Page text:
Do you have military ancestors? Discover if your ancestor attended the Royal Hibernian Military School (RHMS) in Dublin between 1847 and 1932 or was on staff there. Uncover your ancestor’s admissions record and learn key biographical information including the admission date, birth year, occupation, and enlistment details.
There are over 9,000 transcripts in this record set, which is comprised of two collections: admissions registers 1847-1932 and a staff list for 1864. You can search by first name(s), last name, year, and regiment. Please note that some of those fields are not always populated. Therefore, if your search is returning zero results, try searching by name only.
While the amount of available information varies, most admissions transcripts will include the following:
Royal Hibernian Military School admissions 1847-1932 - Includes information about students outside of normal admission details, such as whether they went on to enlist, what trade they were taught, and the name of their fathers’ regiments. There are also names of various pupils captured from the 1911 Irish census.
Royal Hibernian Military School Staff List 1864
Wages (£ S D)
Note that there are occasional transcription errors, particularly surrounding dates. To ensure that you can find your ancestor within these records, try searching a range of dates. In transcribing these records, the original idiosyncratic spellings have been retained from the original.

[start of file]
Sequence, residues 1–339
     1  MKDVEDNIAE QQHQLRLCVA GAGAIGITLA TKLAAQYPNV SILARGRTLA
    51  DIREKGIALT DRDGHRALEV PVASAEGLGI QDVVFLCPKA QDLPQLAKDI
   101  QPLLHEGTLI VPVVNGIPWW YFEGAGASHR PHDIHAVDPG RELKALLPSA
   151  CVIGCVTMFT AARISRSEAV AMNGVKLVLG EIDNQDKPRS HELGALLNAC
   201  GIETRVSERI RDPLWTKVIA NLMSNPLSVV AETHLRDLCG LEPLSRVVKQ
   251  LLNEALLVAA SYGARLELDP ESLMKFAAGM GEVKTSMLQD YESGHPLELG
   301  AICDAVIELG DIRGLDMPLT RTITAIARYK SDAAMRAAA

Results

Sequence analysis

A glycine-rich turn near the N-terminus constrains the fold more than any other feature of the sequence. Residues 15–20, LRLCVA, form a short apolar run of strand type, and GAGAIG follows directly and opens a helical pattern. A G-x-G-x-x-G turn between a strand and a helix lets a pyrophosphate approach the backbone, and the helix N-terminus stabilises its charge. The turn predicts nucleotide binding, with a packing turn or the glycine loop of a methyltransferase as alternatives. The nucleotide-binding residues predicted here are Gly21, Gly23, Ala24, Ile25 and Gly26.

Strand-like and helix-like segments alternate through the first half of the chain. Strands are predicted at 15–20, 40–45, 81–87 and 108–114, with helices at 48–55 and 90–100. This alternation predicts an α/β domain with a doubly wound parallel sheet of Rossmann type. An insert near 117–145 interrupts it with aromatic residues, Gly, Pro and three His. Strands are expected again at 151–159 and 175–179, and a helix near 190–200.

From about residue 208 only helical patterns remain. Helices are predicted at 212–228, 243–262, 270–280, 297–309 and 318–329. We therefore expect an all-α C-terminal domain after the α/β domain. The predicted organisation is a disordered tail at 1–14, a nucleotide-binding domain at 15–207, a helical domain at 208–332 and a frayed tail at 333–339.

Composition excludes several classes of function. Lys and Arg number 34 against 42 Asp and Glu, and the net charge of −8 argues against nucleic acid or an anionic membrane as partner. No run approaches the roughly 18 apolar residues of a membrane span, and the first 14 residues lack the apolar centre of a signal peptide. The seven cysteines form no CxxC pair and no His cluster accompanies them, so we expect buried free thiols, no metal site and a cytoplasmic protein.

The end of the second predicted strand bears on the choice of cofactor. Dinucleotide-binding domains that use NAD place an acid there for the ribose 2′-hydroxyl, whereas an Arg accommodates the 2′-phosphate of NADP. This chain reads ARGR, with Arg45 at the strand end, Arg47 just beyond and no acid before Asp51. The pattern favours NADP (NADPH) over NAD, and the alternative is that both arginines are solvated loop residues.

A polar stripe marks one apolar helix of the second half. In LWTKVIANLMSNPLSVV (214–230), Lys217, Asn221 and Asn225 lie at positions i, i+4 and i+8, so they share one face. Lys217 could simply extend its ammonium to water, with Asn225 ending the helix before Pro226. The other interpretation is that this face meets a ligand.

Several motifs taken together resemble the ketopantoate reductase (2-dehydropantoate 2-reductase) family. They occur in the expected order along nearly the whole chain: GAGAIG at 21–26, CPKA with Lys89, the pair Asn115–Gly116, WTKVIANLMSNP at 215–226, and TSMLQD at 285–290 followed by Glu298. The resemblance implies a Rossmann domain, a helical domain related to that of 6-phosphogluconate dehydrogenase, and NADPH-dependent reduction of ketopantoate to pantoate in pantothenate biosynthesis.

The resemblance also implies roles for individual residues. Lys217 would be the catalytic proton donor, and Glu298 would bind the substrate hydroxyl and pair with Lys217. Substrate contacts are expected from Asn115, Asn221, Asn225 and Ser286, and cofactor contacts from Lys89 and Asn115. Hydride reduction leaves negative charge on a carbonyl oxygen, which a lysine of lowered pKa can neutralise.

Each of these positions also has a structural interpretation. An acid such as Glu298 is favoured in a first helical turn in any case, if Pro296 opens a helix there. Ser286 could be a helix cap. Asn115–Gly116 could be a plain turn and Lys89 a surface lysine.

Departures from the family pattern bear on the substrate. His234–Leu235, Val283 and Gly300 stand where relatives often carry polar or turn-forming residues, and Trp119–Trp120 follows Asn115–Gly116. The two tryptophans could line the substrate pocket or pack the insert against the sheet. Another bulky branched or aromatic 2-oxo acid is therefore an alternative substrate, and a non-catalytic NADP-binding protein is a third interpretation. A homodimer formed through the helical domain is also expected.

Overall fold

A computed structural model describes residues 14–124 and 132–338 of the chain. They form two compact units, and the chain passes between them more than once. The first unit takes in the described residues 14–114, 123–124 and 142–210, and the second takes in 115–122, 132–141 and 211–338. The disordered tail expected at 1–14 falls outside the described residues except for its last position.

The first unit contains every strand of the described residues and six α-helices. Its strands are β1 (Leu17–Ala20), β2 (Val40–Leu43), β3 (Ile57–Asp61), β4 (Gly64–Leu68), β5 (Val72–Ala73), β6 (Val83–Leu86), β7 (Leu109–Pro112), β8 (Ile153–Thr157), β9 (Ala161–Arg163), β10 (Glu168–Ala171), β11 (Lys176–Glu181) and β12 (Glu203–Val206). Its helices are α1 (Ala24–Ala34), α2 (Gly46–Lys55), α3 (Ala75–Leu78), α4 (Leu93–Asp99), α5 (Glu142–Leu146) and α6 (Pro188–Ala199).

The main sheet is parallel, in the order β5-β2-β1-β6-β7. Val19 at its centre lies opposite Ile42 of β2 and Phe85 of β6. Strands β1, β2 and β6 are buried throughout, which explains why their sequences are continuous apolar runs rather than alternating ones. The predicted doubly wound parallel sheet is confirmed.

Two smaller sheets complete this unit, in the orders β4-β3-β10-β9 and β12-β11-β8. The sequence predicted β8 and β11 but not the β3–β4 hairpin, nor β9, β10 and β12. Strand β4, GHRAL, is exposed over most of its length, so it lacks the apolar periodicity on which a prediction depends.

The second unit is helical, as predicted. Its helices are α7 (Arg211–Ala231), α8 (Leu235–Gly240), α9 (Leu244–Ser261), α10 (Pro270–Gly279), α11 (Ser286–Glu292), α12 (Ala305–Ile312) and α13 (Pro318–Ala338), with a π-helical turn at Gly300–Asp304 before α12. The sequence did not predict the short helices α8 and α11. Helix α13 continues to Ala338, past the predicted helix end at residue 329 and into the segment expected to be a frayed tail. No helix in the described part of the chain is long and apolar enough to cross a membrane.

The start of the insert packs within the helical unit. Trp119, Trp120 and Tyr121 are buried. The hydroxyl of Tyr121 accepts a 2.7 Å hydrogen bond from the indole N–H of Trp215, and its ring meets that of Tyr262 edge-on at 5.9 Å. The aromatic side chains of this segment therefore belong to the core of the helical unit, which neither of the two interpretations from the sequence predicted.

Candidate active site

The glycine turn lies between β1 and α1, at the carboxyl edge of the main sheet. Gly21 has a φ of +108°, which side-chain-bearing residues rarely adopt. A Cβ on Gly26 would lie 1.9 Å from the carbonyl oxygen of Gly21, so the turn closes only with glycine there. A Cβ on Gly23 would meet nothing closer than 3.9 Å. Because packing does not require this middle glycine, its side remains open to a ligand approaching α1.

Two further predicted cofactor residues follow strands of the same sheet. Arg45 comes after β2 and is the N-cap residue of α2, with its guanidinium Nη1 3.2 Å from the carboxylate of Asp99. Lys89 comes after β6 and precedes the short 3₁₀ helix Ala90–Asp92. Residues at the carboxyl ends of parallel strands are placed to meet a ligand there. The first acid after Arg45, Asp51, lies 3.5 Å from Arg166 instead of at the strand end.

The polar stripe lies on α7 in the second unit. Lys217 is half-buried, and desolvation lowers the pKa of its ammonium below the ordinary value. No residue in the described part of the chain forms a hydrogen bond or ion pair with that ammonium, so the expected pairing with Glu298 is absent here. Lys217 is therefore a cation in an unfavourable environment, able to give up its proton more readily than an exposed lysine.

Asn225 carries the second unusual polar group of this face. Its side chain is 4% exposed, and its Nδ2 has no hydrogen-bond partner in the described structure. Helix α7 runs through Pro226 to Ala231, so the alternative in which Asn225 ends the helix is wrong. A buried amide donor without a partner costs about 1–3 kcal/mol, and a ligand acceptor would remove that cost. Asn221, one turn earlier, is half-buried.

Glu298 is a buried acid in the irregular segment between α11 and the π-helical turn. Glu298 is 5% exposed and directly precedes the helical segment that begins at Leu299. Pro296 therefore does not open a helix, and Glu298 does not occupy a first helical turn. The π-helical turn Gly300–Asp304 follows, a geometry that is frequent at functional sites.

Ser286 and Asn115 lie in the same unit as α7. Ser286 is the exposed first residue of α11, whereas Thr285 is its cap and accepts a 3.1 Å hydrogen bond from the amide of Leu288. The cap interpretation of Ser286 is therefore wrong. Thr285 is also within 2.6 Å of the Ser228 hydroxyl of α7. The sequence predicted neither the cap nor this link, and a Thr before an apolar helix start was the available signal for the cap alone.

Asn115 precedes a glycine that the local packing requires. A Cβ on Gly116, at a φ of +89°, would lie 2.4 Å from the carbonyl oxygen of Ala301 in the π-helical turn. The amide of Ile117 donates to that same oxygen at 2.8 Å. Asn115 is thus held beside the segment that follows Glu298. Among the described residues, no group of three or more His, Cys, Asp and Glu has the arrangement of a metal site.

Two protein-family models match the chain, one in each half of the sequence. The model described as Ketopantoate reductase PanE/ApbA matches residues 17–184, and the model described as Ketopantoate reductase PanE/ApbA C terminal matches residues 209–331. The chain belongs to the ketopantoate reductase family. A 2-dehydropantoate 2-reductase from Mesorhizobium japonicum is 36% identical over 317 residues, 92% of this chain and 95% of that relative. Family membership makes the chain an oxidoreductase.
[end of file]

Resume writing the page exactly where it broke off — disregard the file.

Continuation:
Did you know?
By searching in our Ireland Census 1901 and 1911 record sets by the location “Phoenix Park,” you can discover more pupils who were enrolled at RHMS. You can uncover age, birth place, religion, and literacy level, as well as family members by exploring these census records. Both can be found in the Useful Links & Resources section.
In 1765, following the Seven Years War, the philanthropic Hibernian Society opened the Hibernian Asylum, and in April 1769, the society petitioned and was granted a charter from King George III to open an establishment in the aid of orphans and children of soldiers. The Royal Hibernian Military School (RHMS), originally called the Hibernian Society of the Orphans and Children of Soldiers, located in Phoenix Park, Dublin, opened its doors in 1769 with 90 boys and 50 girls in attendance.
RHMS students fell into four different categories:
Both parents living (father possibly on foreign service) -- A contributing factor to the destitution of military families centered on those called away on assignments overseas. Only six families would be selected, by drawing lots, to accompany a battalion sent abroad. Those left behind were without support and easily fell into a state of destitution, which would lead them to call on the aid of RHMS.
By 1816, their numbers had soared to 600 students, due in large part to the casualties sustained during the Napoleonic Wars, and by 1922 the campus had expanded from three acres to thirty-three. The school remained coeducational up until 1853 when the female students left for enrollment in their own establishment, the Drummond School, located in the village of Chapelizod.
In the mid-nineteenth century, children as young as 12 could enlist in the Army but generally enlistment began at the age of fourteen for those who so desired it. The percentage of those who enlisted straight from school fluctuated over the years. Between 1800 and 1850 around seven percent enlisted. That number increased dramatically to fifty percent between 1850 and 1897.